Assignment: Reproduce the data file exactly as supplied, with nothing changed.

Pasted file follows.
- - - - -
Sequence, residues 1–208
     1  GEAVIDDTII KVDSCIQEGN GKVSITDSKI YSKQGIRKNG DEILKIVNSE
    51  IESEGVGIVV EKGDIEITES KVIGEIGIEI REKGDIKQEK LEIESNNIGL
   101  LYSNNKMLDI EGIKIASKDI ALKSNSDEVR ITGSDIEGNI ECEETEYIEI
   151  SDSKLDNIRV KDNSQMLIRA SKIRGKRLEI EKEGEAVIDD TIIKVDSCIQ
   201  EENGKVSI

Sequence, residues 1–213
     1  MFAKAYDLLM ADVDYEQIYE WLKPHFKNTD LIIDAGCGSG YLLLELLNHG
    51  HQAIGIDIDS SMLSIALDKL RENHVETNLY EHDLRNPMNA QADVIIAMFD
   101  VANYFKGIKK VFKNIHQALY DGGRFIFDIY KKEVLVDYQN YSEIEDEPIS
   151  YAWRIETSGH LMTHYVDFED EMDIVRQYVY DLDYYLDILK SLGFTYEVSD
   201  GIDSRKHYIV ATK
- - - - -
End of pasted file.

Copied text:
Sequence, residues 1–208
     1  GEAVIDDTII KVDSCIQEGN GKVSITDSKI YSKQGIRKNG DEILKIVNSE
    51  IESEGVGIVV EKGDIEITES KVIGEIGIEI REKGDIKQEK LEIESNNIGL
   101  LYSNNKMLDI EGIKIASKDI ALKSNSDEVR ITGSDIEGNI ECEETEYIEI
   151  SDSKLDNIRV KDNSQMLIRA SKIRGKRLEI EKEGEAVIDD TIIKVDSCIQ
   201  EENGKVSI

Sequence, residues 1–213
     1  MFAKAYDLLM ADVDYEQIYE WLKPHFKNTD LIIDAGCGSG YLLLELLNHG
    51  HQAIGIDIDS SMLSIALDKL RENHVETNLY EHDLRNPMNA QADVIIAMFD
   101  VANYFKGIKK VFKNIHQALY DGGRFIFDIY KKEVLVDYQN YSEIEDEPIS
   151  YAWRIETSGH LMTHYVDFED EMDIVRQYVY DLDYYLDILK SLGFTYEVSD
   201  GIDSRKHYIV ATK